Take a Stroll to a Notable Tree via Crozet Trails

Steve Kostiw with the giant beech tree included in the Crozet Trails tree project. Photo: Malcolm Andrews.

It was a match made in heaven, coming together just in time for earth day. The Crozet Trails Crew has partnered with the Charlottesville Area Tree Stewards to identify and highlight certain trees along the trails, marking them with their names, typical habitat and characteristic features. It’s a painless way for local hikers, bikers and runners to absorb a little education with their recreation.

Both groups hope the knowledge will encourage trail users to explore ways to work for the sustainability of all our resources, said Steve Kostiw, the project’s organizer. The idea came about when Kostiw, a long-time Crozet Trails Crew member, joined the Stewards, a group that is increasingly expanding its tree recognition west of Charlottesville. The group recently paid its respects to the centuries-old Greenwood Tree at Emmanuel Episcopal Church; and participated, with the Albemarle Department of Recreation, in honoring a huge boundary oak at Mint Springs Park. (See related story, below)

Kostiw sees it as a natural outgrowth of the work of the Trails Crew, which for years has hacked, mowed, pruned and built bridges in its determination to connect Crozet one neighborhood at a time. Since constant construction is the new reality in Crozet, traversing the space between neighborhoods via the woods, fields and water allows us to avoid the sounds and clutter of development. Instead, Kostiw notes, we can travel “…while soaking in the sights, sounds and smells of nature.” There are presently about six miles of trails.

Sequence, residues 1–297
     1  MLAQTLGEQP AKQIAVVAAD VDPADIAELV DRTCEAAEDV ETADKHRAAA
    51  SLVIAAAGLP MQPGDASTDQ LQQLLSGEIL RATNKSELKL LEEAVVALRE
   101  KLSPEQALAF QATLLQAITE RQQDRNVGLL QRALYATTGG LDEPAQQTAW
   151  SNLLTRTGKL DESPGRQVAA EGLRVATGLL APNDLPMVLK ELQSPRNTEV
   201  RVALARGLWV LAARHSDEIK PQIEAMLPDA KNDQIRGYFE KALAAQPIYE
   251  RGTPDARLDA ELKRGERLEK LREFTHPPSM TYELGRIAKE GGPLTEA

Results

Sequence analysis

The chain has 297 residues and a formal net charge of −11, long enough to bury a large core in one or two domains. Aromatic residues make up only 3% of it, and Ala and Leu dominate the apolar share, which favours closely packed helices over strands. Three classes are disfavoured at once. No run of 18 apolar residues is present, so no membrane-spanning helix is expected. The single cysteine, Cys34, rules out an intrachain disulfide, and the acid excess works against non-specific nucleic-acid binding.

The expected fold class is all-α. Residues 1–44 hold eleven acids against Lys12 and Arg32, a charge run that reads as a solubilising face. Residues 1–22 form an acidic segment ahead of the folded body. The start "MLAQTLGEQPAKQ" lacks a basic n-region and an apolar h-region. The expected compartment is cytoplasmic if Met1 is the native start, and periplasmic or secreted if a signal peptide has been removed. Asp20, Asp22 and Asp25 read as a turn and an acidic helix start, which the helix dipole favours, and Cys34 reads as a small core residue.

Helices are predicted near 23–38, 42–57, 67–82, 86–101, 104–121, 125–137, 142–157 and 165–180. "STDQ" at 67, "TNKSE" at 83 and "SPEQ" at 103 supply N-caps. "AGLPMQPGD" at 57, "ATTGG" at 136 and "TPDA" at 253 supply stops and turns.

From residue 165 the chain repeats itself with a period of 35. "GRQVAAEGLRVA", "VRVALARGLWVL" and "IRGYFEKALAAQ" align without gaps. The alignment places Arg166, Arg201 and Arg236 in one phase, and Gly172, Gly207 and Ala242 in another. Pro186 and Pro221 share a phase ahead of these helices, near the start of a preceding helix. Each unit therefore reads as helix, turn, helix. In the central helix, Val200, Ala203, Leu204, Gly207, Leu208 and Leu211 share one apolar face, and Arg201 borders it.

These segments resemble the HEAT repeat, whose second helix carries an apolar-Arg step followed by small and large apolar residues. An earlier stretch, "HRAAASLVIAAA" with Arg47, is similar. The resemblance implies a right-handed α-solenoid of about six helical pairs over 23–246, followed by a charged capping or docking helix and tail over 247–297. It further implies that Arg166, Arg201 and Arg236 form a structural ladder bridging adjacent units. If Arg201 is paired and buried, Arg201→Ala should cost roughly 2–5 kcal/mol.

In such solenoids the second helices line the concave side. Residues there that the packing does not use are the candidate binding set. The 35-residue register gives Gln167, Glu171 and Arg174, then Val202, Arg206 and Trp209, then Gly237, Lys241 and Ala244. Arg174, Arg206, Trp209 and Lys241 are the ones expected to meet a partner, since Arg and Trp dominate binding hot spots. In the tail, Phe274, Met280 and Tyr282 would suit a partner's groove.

Like us, trees prefer certain neighborhoods in Crozet, choosing to put down their roots by the side of a lake; or in a mature forest, a transition forest, a swamp, by a creek or in an open meadow. Crozet’s diverse environment provides all of these, so the Tree Walk Project quickly found dozens of varieties of native tree species along the greenway, including several considered “notable:” a six-foot wide tulip tree, a five-foot wide American beech, an unusual American Hornbeam, and a massive clump of Hazel Alder, all thriving in their own specific habitats.

Can’t tell a Hornbeam from a Hazel Alder? Help is on the way. The combined efforts of the two groups will tag trees along the greenway and make it easy for the public to get close by constructing short paths to notable trees, in some cases even installing benches. They’ll produce a trail map and brochure, and post all the information online. Future plans provide for the protection of the native trees by removing invasive species and controlling access to selected trees. 

The Mint Springs “Boundary Tree” up close. Submitted photo.

Mint Springs Tree Elevated to “Landmark” Status

A short ceremony and another proof that Crozet has plenty of trees to be proud of was provided by the Charlottesville Area Tree Stewards on Arbor Day, April 29. The Mint Springs Park Boundary Oak was chosen as a “Landmark Tree,” a category that Stewards President Robin Hanes said is reserved for the biggest, most beautiful trees in highly visible locations.

White Hall Supervisor Ann Mallek and CATS President Robin Hanes at the boundary tree. Photo: Jim Barbour

The huge northern red oak is a short hike up to the boundary on the Mint Springs fire trail. Not only did the tree get an identifying sign, but also a hug from several of the Stewards and a listing on the website, www.notabletrees.org/landmark-trees/. 

Mint Spring’s Red Oak awarded “Landmark Tree” status. Photo: Jim Barbour.


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